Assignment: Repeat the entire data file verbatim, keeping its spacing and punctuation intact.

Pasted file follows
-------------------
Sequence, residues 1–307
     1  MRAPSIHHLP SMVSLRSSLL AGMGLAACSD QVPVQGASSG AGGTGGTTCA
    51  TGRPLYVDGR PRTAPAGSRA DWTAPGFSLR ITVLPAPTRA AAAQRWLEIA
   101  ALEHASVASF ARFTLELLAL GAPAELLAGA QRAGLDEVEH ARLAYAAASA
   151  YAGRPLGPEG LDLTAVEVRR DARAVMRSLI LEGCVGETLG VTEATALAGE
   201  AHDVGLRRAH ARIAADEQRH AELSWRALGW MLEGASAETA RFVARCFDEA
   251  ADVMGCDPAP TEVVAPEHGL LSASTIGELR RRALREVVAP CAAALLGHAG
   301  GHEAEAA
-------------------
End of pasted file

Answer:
Sequence, residues 1–307
     1  MRAPSIHHLP SMVSLRSSLL AGMGLAACSD QVPVQGASSG AGGTGGTTCA
    51  TGRPLYVDGR PRTAPAGSRA DWTAPGFSLR ITVLPAPTRA AAAQRWLEIA
   101  ALEHASVASF ARFTLELLAL GAPAELLAGA QRAGLDEVEH ARLAYAAASA
   151  YAGRPLGPEG LDLTAVEVRR DARAVMRSLI LEGCVGETLG VTEATALAGE
   201  AHDVGLRRAH ARIAADEQRH AELSWRALGW MLEGASAETA RFVARCFDEA
   251  ADVMGCDPAP TEVVAPEHGL LSASTIGELR RRALREVVAP CAAALLGHAG
   301  GHEAEAA